Monday, December 24, 2012

What I Did On My Thanksgiving Vacation Part 1

For the past few years my parents and sister's family have been engaging in a new Thanksgiving tradition: The Holiday Vacation.

They always invite me, but so far I've never been able to go with them for various reasons. I was either working, didn't have a job, had no money or my personal astrologist advised me against traveling.

This year though the stars lined up and I could actually go, so I accompanied my family to Gatlinburg, Tennessee for Thanksgiving.

It's been a long time since I've been on a real vacation, and a very, very long time since I've taken any kind of trip with my parents. Not since high school in fact. And I've never been on any extended trip with my sister's family. I was a little curious as to how many days it would take before I decided to fly home by myself.

It's not that I'm antisocial you understand, but I live alone. In a house by myself. Just me. I'm used to peace and quiet. To suddenly be thrust into a cabin with six other humans like I was on some half-baked reality show would be a big adjustment for me. 

We would be staying in what everyone kept referring to as a "cabin" for five days. A cabin. In the woods. Seven people. In a cabin. In a remote area. For five days. Seven. Did I mention there would be seven of us living in this cabin? For five days?

After driving for six or seven hours we arrived in the kudzu-choked environs of Gatlinburg. I was pleasantly surprised to see that the "cabin" was actually a house. A fairly large house to boot.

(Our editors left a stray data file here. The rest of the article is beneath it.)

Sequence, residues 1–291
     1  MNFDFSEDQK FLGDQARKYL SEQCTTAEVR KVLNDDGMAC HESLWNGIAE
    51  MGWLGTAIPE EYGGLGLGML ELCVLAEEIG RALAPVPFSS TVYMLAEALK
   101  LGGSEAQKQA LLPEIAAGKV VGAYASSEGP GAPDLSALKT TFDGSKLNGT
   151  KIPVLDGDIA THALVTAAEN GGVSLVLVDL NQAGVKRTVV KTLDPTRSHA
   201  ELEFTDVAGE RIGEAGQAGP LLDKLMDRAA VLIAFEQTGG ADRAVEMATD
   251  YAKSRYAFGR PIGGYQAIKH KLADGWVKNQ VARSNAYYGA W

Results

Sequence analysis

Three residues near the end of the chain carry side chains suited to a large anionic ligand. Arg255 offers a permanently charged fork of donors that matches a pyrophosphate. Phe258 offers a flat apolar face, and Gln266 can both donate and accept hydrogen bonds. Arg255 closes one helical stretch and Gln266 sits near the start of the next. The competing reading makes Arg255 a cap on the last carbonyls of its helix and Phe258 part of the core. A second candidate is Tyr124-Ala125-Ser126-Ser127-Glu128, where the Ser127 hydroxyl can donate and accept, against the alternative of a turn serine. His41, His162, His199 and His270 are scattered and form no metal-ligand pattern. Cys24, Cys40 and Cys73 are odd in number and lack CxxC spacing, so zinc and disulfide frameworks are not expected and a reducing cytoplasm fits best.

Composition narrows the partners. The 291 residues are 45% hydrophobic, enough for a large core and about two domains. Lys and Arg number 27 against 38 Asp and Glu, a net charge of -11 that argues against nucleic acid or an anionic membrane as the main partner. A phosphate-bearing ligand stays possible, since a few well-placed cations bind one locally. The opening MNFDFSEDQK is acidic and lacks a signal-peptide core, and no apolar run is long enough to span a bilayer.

I was assuming we'd be staying in a small wooden shack in the middle of the woods, far from civilized living. I brought a book and a sketchpad, thinking there'd be nothing to do in this remote location. Imagine my surprise when I found out the house had cable TV and WiFi! Although it did have an old school "picture tube" non-HD television set. Roughing it indeed!

There were even two bathrooms, which was a godsend. Seven bathrooms would have been nicer, but that's probably not realistic.

Here's the view from the second floor of the house, looking out over the living room and out the large bank of windows into the forest beyond.

And here's the reverse view, from the living room looking up at the second floor. I ended up sleeping on a bed in a small alcove visible in the upper right in this photo.

A shot of the house's vaulted wood-paneled ceiling. Hey, I'd hate to have to dust that thing, eh? Amirite ladies? Eh?

That's my nephew François in the green shirt, watching the primitive non-HD television machine. That's my brother-in-law at the right. François brought his laptop with him and rarely looked up from it the entire week.

We took two cars to the house, so when I first arrived I found my sister's family was already there. My nephew Alphonse was upstairs playing Playstation 2 games (again, how deliciously primitive!) and proudly wearing a cardboard Burger King crown. Alphonse is 14 years old, by the way. I vowed I would get a photo of him in his stylish crown before the week was over. Alas, this is as close as I got.

Here's a view from the deck, looking out at the neighbor's house. We could monitor their activities quite well from this vantage point. You can't see it but just to the left was a hot tub on our deck. Roughing it!

No, I did not get into the hot tub. I wasn't expecting such an amenity and didn't bring any swim trunks.

Here's a shot of some of the neighboring homes, hundreds of feet above us. Pretty much every home I could see was either hundreds of feet above or below. There's no such thing as level ground in this neighborhood!